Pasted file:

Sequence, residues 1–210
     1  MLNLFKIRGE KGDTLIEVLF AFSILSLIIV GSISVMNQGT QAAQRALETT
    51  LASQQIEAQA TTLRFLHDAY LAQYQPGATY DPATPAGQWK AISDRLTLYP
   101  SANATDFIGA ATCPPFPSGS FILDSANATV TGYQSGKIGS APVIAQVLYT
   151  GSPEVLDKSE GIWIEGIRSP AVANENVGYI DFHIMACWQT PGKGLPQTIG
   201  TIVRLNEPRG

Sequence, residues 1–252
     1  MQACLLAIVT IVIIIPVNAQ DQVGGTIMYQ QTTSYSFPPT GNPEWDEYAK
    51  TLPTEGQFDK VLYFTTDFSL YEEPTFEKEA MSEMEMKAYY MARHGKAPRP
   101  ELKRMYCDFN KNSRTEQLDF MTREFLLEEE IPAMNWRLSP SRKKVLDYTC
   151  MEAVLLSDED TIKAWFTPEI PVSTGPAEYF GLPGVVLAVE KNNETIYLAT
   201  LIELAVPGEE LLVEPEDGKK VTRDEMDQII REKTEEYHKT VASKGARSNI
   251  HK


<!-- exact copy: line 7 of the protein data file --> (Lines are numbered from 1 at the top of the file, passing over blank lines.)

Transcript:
Sequence, residues 1–252